case $1 in prereqs) prereqs exit 0 ;; esac . /usr/share/initramfs-tools/hook-functions copy_exec /usr/bin/tpm2_unseal /usr/bin copy_exec /usr/lib/x86_64-linux-gnu/libtss2-tcti-device.so.0 /usr/lib/x86_64-linux-gnu force_load tpm_tis force_load tpm_crb The top part of this script (through the line that sources hook-functions) is boilerplate. The important lines for us are the last four: • The first copies tpm2_unseal and its link-time library dependencies to the initrd • The second copies the TCTI device interface library (which tpm2_unseal dlopens) to the initrd • The third and fourth copy two modules and their dependencies to the initrd and force them to be loaded before unsealing is attempted The list of modules came from examining the output of lsmod on my running system to include whichever tpm-related modules were not prerequisites for others. I didn't investigate any further than noting that modinfo has no interesting description for either. To put the final touches on the initrd, run the update command: update-initramfs -u which will regenerate the initrd for the currently running kernel. ### Create the unified kernel blob The UEFI boot manager is going to measure whatever it directly loads: for installations using grub, this means the grub EFI bootloader. For an efistub installation, this means the compressed kernel. Notably, neither includes the initrd or the kernel command line. This gap is wide enough to drive a tank through. Thankfully, there is an easy solution: building your own EFI application comprising all three entities plus a stub that knows how to tease it all apart when executed. Thankfully, systemd comes with such a stub, and notably it does not require you to install systemd-boot itself to your EFI partition. Simply verify that you have a file called /usr/lib/systemd/boot/efi/linuxx64.efi.stub (which on my system comes from the systemd package) and you should be good to go. I use the following script to generate my unified kernel blob into the existing debian subdirectory on my EFI partition: #! /bin/bash set -e echo "root=UUID=$(sudo blkid -s UUID -o value /dev/mylvm/root) rootfstype=ext4 add_efi_memmap \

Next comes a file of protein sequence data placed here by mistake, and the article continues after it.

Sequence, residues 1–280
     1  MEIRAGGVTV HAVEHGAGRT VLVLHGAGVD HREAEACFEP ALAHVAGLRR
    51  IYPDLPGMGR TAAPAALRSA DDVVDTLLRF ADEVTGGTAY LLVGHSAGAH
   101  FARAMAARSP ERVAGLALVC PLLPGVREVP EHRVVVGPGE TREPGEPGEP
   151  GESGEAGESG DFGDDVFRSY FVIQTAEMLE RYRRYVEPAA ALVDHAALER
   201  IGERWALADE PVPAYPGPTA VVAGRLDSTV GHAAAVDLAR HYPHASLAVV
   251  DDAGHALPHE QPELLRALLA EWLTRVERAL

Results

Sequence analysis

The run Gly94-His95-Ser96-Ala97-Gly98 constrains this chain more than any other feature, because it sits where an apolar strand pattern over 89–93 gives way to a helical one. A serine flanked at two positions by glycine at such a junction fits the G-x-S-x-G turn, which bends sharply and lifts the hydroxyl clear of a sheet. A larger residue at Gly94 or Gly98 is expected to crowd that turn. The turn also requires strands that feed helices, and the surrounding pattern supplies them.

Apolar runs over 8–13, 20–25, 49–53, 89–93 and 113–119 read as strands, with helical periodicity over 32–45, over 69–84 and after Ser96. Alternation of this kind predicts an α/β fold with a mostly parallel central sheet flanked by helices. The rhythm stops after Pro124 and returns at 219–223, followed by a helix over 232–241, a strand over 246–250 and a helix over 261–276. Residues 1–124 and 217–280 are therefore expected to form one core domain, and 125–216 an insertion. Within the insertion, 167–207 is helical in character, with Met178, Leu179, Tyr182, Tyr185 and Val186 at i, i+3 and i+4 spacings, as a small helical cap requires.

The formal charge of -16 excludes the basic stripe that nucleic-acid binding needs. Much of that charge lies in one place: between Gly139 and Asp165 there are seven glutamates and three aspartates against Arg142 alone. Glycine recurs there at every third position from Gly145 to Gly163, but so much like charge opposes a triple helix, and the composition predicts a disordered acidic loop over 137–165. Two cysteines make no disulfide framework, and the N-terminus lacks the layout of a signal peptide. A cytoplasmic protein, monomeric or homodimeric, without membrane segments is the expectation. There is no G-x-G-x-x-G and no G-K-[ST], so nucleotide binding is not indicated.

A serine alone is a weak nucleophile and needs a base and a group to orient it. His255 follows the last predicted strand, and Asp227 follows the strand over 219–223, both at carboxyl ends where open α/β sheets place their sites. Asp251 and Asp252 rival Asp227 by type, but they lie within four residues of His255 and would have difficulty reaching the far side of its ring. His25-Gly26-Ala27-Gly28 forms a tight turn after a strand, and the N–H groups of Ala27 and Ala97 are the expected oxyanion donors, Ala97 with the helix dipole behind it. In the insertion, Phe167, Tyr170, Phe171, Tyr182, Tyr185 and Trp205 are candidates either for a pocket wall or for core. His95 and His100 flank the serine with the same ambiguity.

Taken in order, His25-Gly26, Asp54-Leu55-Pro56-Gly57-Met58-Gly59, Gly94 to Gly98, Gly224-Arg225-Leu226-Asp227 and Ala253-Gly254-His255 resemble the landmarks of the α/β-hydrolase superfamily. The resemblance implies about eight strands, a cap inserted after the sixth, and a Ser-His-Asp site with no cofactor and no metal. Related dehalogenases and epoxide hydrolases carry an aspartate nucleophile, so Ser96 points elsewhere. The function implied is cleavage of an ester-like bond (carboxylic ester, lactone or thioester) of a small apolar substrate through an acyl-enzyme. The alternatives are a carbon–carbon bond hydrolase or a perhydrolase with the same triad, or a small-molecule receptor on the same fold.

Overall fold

ro cryptdevice=UUID=6a84f43d-03ed-41b7-9dee-d5d2cdc0b474:lvm" >/tmp/kernel-command-line.txt